A federal judge in Portland denied efforts Wednesday that would have forced the nation's immigration courts to implement measures that further prevent the spread of COVID-19.
The Southern Poverty Law Center and Portland-based Innovation Law Lab, among others, sued the Trump administration over what they say is a patchwork of confusing and inconsistent measures that put the public at risk during a global pandemic.
They had asked the court to limit person-to-person interactions in immigration courts, similar to measures adopted in other courts across the country.
During the hearing — held via telephone to adhere to the federal court system's own social distancing orders — immigration advocates said they needed a temporary restraining order to prevent people from being compelled to show up at court if they’re worried about contracting COVID-19. They also raised issues with the immigration court system's ability and willingness to hold remote hearings, as well as practices in some courts where immigration detainees are often moved in large groups.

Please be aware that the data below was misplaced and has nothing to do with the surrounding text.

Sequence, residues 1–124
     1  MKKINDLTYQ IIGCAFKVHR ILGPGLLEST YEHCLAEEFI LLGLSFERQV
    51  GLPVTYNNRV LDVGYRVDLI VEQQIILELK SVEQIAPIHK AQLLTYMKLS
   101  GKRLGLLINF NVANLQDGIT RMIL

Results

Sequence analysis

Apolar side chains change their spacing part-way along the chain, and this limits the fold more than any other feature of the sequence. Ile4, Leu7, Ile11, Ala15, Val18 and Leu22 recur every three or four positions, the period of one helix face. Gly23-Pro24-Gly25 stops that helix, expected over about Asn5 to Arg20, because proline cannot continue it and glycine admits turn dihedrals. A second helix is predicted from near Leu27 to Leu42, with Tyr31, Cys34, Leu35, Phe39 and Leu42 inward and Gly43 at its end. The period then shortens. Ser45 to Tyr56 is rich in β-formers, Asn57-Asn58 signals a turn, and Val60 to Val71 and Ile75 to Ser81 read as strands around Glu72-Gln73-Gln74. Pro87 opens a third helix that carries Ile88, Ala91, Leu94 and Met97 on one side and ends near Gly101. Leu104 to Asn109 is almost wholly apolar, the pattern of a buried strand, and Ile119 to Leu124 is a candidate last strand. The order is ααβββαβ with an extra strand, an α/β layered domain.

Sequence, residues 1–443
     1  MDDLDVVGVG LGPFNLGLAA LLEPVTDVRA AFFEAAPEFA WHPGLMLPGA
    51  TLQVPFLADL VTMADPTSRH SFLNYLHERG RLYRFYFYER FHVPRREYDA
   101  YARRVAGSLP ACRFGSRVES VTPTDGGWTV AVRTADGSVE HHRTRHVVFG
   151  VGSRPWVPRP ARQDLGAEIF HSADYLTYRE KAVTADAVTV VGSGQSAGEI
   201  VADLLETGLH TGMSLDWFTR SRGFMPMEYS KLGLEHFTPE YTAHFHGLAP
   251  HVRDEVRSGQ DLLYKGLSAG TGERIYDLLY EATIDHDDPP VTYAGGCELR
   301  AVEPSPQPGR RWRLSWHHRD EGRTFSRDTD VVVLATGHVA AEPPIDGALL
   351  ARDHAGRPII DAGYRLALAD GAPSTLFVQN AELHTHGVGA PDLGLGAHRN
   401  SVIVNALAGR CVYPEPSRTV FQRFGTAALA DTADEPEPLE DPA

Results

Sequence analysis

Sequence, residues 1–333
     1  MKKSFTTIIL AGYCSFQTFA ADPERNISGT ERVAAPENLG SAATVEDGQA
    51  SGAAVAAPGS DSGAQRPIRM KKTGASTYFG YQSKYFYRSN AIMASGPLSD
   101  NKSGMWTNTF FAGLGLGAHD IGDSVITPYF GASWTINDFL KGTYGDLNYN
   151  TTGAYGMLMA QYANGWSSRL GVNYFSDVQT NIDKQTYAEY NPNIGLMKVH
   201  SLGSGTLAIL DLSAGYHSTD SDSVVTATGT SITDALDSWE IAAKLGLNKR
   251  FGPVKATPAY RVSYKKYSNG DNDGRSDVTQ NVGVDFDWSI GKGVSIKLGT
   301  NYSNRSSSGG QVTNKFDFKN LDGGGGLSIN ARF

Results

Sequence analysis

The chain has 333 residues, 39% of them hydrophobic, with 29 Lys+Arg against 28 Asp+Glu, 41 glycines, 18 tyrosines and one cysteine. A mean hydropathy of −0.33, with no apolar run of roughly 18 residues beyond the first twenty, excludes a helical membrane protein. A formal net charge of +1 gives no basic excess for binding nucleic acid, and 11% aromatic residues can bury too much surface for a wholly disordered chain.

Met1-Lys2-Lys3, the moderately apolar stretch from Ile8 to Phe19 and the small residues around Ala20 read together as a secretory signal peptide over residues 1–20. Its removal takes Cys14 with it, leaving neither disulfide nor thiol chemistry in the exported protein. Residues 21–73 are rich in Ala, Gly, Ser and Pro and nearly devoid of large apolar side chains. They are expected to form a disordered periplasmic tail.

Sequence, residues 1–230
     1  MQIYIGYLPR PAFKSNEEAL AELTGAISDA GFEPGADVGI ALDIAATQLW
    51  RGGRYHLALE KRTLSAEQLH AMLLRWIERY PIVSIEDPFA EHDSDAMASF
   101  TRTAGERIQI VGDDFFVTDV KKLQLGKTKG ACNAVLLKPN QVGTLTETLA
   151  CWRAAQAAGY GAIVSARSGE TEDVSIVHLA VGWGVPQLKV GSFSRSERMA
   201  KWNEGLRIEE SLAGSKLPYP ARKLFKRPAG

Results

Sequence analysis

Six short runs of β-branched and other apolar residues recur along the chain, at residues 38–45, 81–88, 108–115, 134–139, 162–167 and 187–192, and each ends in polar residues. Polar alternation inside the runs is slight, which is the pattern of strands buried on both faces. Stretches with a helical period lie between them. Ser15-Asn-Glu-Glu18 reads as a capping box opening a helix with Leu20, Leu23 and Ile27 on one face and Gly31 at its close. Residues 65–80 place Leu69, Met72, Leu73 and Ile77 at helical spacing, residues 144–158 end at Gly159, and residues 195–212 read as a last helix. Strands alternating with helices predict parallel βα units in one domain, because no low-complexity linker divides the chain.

In her ruling, U.S. District Court Judge Karin Immergut noted the government had addressed some of the concerns raised by immigration groups, like being able to file court documents remotely.
She also took issue with the underlying legal framework raised by the immigration groups and questioned whether she had the jurisdiction to make such a ruling.
"The COVID-19 global pandemic is very serious issue," Immergut said. "I don’t mean to minimize the concerns raised."
Immergut urged flexibility on the part of immigration courts to evolve during the crisis, “as we’re all having to do.”
Attorneys for the government, representing the agency that runs the nation’s immigration courts, argued the groups were effectively trying to shut down immigration courts nationwide. They said U.S. immigration courts have had a swift and tailored approach to dealing with COVID-19.
Immergut was appointed to the federal bench last year by President Trump.